David Alan Black is slated to release a new book contending that Paul wrote the book of Hebrews. It is sure to make some waves in the scholarly field. I highly suggest you read his thoughts on the matter. Even if you are not dissuaded from the entrenched position that Paul most certainly is not the author of Hebrews, it will challenge you.
Since we are talking about the issue of the authorship of Hebrews, may I humbly suggest you read my article, “The Use of γράφω and its Compounds in Eusebius“? In his 2001 article “Who Wrote Hebrews? The Internal and External Evidence Reconsidered,” Black argued that Paul was the author of Hebrews and Luke served as his amanuensis. Black uses Origen’s view, cited by Eusebius in his Ecclesiastical History, as support for this position. Alan Mitchell, in his commentary on Hebrews in the Sacra Pagina series, responded to Black. He contends that Origen’s quote is found in Eusebius and that Eusebius prefers a compound form of γράφω (ὑπογράφω, συγγράφω, ἐγγράφω, ἀναγράφω, etc.) when he refers to the act of writing alone. This means that Origen, when he said “God alone knows who wrote ὁ γράφω Hebrews,” could not be referring to an amanuensis since he uses γράφω and not a compound form.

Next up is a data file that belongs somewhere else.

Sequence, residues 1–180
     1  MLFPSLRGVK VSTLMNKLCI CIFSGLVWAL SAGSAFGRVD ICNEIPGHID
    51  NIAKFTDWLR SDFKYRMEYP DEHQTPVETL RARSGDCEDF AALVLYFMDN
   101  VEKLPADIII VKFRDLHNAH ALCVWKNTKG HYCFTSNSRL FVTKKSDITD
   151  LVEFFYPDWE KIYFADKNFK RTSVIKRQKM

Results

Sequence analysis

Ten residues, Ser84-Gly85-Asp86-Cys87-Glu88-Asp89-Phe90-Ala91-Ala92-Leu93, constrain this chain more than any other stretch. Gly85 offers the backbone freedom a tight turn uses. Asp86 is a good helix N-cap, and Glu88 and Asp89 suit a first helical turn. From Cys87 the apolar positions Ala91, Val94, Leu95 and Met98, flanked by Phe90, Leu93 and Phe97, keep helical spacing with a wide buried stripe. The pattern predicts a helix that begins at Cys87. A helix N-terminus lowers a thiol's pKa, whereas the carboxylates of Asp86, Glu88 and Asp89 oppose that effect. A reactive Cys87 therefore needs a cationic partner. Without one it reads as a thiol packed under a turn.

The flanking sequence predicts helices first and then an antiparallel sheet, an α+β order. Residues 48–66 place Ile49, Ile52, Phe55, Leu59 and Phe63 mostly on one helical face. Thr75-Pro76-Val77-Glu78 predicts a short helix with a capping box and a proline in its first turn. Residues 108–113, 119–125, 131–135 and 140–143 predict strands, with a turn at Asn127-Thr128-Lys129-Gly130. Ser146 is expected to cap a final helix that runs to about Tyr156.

Bypassing the question as to whether or not Eusebius’s usage of γράφω and its compounds is relevant to Origen’s quote, I ask whether Mitchell’s analysis of Eusebius holds true. Is there a clear and fast distinction between γράφω and its compounds, or is there a greater degree of semantic overlap than Mitchell allows? The purpose of the essay isn’t to prove Pauline authorship or that Origen thought Paul used an amanuensis. Its purpose, however, is to ask whether Mitchell unnecessarily limits the semantic range of γράφω in Eusebius.
I hope you enjoy!